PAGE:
According to the Minister for Labour and Employment, Ms Gaudensia Kabaka, the government is seeking a consensus with employers both in public and private sectors, to help abolish that clause. Ms Kabaka said as one of the major requirements, job experience, has been one of the serious obstacles that deny many youths employment opportunities upon graduating from colleges.
The minister said in most cases, long time experience was not really necessary for someone to be employed, as long as the applicant possesses satisfactory training. She also made it clear that the requirement has shut out many youths from opportunities in companies, organizations and even the government itself, even when the job seekers had credible qualifications.
The minister stressed that the job experience clause could only be applied to a few areas of professionalism, otherwise it should be annulled to open a new chapter for people looking for employment. The government’s proposal couldn’t have come at an opportune time, now that so many youths have failed to get employment in various sectors.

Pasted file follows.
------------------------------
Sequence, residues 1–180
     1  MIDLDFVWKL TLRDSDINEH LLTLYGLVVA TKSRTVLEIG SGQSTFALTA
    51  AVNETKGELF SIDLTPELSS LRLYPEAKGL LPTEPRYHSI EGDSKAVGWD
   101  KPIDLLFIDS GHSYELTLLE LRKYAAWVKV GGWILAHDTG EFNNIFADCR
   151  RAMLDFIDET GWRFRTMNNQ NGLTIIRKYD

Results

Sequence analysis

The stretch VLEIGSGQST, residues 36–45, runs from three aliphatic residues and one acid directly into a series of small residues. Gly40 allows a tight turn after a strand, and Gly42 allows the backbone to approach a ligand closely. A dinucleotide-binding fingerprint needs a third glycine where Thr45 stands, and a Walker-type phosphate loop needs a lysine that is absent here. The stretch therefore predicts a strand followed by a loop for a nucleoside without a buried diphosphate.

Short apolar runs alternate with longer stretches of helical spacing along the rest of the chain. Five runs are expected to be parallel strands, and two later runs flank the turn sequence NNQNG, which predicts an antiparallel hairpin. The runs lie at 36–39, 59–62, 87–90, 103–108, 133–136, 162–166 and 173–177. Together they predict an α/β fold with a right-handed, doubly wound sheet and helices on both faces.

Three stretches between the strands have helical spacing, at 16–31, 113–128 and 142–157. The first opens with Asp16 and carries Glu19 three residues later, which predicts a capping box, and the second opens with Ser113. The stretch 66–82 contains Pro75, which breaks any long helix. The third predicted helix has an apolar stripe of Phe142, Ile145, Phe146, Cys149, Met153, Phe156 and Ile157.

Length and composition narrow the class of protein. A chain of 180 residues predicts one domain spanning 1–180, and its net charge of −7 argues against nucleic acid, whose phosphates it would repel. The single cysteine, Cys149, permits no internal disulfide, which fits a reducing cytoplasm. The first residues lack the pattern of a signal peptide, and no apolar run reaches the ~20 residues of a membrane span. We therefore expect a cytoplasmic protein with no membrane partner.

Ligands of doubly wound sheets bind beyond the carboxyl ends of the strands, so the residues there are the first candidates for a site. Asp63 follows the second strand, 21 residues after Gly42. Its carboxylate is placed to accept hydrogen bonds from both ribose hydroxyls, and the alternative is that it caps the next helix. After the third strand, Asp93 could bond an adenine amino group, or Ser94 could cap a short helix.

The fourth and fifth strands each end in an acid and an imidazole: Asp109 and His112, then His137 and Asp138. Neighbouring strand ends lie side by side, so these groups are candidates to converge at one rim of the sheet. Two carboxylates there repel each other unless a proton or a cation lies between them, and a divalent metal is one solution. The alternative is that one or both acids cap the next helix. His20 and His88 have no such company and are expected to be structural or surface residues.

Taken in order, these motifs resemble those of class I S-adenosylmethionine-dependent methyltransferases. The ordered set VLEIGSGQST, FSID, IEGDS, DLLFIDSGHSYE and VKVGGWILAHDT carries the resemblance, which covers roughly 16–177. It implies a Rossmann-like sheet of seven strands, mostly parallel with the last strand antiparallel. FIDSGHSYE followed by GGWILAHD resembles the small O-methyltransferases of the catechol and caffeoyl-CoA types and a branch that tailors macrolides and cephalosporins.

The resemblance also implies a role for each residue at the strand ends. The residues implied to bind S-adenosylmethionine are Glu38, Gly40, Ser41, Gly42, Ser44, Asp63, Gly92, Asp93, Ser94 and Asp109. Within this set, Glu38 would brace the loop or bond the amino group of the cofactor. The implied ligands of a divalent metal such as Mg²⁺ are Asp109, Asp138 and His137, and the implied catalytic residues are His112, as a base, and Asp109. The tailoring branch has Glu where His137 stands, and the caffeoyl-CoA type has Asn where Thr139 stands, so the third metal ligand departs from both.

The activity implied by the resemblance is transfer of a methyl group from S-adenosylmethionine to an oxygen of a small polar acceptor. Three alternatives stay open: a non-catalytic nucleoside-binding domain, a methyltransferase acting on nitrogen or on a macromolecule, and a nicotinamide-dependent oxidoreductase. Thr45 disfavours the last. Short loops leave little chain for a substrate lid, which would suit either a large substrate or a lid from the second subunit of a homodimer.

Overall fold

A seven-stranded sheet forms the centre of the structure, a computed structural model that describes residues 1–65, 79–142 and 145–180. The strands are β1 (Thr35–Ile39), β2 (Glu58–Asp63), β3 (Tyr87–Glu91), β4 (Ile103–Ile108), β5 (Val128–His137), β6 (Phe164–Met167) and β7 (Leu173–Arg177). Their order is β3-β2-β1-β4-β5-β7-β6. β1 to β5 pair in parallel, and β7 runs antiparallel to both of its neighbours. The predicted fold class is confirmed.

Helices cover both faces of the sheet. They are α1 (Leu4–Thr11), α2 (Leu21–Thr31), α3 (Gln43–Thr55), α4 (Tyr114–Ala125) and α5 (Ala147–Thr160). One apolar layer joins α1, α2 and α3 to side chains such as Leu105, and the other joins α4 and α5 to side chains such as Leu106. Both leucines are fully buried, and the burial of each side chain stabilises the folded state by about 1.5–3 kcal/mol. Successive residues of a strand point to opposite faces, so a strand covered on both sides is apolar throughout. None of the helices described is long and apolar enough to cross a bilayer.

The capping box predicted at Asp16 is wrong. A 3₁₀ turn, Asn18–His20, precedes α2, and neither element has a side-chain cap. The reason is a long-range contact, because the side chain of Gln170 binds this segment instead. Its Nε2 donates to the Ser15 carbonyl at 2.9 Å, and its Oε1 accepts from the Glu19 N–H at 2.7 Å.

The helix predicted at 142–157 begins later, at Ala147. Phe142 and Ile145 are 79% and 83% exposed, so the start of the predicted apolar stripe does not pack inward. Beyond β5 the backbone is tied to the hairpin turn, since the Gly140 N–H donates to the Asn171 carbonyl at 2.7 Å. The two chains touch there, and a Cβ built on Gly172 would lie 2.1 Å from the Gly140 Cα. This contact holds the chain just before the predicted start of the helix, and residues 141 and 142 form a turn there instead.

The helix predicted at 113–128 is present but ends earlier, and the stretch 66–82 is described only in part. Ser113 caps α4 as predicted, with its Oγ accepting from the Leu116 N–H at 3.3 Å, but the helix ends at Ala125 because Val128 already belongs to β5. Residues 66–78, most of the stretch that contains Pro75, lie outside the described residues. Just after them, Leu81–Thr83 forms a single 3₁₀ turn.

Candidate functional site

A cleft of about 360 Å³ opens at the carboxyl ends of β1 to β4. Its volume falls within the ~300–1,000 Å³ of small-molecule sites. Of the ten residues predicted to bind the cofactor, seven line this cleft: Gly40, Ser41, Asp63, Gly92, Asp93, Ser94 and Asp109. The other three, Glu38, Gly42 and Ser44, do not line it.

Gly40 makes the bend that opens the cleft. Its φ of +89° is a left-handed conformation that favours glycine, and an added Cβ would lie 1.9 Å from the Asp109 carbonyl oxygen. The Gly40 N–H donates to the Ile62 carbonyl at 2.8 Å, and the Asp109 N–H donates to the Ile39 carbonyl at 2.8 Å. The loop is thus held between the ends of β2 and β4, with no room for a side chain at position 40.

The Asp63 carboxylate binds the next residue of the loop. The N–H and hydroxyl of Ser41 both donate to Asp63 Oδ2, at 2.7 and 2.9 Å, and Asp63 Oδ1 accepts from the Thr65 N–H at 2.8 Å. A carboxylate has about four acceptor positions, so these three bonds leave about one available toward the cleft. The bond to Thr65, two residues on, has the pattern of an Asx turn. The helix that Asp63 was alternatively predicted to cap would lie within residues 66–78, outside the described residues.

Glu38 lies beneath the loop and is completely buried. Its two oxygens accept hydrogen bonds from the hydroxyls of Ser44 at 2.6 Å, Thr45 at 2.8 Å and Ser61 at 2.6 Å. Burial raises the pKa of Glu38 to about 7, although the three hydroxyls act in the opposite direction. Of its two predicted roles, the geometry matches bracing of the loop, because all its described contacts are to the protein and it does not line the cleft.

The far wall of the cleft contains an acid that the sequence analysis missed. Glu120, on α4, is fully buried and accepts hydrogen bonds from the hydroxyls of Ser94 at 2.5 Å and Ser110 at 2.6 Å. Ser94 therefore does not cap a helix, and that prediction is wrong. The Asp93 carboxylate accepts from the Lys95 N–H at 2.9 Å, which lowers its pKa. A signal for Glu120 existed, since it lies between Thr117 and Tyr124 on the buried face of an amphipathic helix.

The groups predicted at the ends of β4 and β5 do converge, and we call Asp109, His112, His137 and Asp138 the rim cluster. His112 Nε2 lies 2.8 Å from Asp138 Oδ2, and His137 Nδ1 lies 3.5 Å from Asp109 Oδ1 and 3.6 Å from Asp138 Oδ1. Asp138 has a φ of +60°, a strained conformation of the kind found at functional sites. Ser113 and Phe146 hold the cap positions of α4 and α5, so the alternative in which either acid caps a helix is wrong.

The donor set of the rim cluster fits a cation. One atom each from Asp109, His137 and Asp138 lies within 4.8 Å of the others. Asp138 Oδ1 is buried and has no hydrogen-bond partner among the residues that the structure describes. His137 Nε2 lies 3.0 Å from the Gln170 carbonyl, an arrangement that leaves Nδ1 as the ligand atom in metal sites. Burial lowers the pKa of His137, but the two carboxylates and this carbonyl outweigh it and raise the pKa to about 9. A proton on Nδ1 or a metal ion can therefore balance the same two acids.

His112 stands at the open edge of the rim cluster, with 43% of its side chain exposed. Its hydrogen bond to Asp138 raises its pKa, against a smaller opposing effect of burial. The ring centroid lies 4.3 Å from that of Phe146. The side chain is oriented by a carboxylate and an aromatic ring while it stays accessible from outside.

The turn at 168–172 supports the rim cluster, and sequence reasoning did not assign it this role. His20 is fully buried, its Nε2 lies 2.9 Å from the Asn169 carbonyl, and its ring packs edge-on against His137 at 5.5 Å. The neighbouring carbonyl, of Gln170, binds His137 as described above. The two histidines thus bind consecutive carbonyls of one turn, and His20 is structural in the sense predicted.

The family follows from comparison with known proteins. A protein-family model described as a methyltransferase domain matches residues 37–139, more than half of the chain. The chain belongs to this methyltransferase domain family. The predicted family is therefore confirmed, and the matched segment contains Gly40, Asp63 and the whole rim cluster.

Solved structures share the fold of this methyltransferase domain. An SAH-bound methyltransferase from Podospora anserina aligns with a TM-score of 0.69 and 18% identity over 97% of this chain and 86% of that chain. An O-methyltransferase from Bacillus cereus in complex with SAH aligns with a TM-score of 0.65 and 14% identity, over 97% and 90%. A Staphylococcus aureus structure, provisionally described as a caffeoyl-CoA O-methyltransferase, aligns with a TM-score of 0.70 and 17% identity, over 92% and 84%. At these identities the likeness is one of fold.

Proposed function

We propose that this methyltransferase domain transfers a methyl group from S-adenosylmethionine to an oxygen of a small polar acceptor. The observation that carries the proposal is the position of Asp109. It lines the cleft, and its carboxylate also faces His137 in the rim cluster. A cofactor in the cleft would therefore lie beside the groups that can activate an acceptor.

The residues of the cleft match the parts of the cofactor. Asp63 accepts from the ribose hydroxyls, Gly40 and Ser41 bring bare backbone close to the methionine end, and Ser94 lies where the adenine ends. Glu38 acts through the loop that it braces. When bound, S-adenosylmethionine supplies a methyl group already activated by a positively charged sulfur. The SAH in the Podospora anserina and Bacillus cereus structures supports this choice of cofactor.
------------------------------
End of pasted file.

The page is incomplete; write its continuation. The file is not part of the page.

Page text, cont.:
Available statistics show that out of 800,000 fresh job seekers, only 40,000 are absorbed in the public sector. Its impact will be felt almost immediately when its implementation comes into effect. Probably, the government will have to team up with employers and come up with a formula on the types of jobs that need experience and those which do not.
The parties will, for example agree on whether a driver, receptionist, human resource officer or accounts clerk, should fulfil the same conditions as a factory manager, doctor or pilot before they can be employed. Employers, too, will have to devise new ways to help their new staff cope, including providing them with training and coaching. That will help the newly- employed to gain experience and enjoy their work.